At only 29, Verhaeren has a lot on his hands. He coaches 15 swimmers, including Vlieghuis. European record-holder (50 m) Inge de Bruin also shows up to his workouts when she's in Holland. Verhaeren has been able to build and maintain the group since the success of Pieter and Marcel. Of 21 swimmers in Perth, 10 were from his club. "The group is full!" he laughs, then goes on to explain that they work under good conditions. "Our club has good facilities. We have a 50-m pool, access to a physiotherapist, a nutritionist, and a hospital (through van den Hoogenband's father). While the rest of the world may think that is normal, we're the only team in the Netherlands that has those things." Vlieghuis, a double Olympic and world championship bronze medallist in the distance freestyle events, trains together with the men. "The atmosphere in the group is perfect," she says, adding that "the women are good too, but just not at the same level."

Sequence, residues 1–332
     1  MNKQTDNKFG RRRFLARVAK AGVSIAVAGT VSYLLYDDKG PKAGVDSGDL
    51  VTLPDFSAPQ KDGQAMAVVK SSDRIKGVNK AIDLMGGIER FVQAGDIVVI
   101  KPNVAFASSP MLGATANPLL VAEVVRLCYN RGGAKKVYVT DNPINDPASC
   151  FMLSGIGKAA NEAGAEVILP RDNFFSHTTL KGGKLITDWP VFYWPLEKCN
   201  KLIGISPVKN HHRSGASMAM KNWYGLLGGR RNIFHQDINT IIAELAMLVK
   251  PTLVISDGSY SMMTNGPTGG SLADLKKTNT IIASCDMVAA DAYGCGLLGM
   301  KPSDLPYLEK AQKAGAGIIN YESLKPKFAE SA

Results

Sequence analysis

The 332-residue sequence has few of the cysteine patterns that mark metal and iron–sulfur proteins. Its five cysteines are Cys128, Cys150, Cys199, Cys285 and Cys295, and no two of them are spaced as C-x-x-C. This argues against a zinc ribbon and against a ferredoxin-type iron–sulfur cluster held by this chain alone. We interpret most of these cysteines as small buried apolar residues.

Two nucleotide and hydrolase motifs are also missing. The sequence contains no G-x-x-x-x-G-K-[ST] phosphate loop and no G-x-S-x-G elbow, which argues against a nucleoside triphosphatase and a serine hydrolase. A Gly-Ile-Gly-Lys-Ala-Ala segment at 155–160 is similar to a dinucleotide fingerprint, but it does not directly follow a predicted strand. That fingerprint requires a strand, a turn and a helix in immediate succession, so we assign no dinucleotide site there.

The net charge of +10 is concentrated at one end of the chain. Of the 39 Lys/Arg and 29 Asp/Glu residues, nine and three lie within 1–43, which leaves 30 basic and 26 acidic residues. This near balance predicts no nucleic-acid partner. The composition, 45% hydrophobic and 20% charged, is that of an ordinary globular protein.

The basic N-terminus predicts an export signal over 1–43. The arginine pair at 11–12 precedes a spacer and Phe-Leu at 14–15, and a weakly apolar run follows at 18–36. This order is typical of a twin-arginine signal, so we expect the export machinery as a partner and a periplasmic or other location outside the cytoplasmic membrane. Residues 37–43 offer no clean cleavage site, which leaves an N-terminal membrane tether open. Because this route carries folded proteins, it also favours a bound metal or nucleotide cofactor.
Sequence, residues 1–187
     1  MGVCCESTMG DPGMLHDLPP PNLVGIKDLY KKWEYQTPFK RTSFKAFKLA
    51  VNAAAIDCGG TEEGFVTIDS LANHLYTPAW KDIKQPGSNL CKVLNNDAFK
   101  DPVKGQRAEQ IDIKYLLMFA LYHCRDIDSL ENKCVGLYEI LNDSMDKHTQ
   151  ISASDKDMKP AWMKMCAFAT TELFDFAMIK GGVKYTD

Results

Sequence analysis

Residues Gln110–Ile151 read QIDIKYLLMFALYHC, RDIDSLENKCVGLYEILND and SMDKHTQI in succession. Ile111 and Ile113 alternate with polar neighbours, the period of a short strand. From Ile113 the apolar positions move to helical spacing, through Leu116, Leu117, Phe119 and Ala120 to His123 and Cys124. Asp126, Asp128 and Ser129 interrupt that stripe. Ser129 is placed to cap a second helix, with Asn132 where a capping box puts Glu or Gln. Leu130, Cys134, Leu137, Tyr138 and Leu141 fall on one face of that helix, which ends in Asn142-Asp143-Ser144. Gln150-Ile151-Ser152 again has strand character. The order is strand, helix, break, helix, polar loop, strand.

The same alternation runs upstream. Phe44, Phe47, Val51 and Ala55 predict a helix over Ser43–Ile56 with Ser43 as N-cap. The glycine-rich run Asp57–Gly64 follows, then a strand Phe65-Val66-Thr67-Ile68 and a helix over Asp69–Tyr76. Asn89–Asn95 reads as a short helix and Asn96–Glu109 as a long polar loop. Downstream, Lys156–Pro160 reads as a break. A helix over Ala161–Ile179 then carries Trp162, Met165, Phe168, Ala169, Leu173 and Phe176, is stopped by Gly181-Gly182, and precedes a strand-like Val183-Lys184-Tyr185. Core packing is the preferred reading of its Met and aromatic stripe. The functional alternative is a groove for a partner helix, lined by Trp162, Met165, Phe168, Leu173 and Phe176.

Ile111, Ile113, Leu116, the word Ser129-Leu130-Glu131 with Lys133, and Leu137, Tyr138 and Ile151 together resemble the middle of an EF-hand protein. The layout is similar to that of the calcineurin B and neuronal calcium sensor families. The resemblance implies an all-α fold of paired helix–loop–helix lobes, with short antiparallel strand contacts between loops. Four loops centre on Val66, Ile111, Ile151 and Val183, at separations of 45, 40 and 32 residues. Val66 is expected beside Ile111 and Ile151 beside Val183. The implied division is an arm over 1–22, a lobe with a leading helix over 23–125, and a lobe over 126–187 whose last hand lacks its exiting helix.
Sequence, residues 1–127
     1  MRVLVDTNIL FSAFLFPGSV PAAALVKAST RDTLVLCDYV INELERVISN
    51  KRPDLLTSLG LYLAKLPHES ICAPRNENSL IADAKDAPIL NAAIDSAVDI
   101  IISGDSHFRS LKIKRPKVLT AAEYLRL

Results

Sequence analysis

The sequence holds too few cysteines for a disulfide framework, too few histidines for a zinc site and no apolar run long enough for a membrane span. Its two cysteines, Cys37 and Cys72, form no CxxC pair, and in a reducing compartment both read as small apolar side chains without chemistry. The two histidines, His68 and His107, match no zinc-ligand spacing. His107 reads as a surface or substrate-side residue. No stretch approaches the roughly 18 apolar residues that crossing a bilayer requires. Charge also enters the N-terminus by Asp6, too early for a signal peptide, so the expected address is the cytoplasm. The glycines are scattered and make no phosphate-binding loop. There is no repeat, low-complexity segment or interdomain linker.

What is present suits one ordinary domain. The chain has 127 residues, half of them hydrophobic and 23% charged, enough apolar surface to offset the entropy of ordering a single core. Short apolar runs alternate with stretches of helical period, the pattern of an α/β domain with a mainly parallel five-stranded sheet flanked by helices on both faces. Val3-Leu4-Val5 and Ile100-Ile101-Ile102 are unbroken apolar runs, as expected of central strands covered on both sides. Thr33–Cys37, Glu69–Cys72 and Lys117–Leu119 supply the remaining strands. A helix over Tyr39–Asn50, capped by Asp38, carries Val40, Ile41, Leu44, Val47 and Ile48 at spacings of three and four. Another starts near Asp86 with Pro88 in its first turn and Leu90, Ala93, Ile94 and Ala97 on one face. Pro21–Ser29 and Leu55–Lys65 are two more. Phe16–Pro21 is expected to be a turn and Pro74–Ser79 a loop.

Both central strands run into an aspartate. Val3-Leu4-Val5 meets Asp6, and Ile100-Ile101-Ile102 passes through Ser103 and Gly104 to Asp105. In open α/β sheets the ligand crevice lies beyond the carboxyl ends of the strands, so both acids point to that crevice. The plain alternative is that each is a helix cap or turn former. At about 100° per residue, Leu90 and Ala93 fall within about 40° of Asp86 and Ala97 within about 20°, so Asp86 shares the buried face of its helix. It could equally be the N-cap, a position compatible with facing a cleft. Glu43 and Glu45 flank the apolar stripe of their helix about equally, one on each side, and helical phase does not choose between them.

The Dutch are also relentless travellers. "We do lots of camps," confirms Verhaeren, adding simply, "You can't train outdoors in Holland." The team does frequent altitude training camps in Spain, and they are also regulars on the World Cup and Mare Nostrum circuits. National Coach Rene Dekker, in Wouda's words "the best thing that happened to Dutch swimming in the last five years in terms of organization and structure," left the position in June to return to teaching physical education. He will be replaced in September by Stefaan Obreno, the coach of Belgian breaststroker Brigitte Becue. Dekker is confident that Stefaan Obreno "will make something out of it," saying that the Dutch team has "a couple of terrific years ahead of them."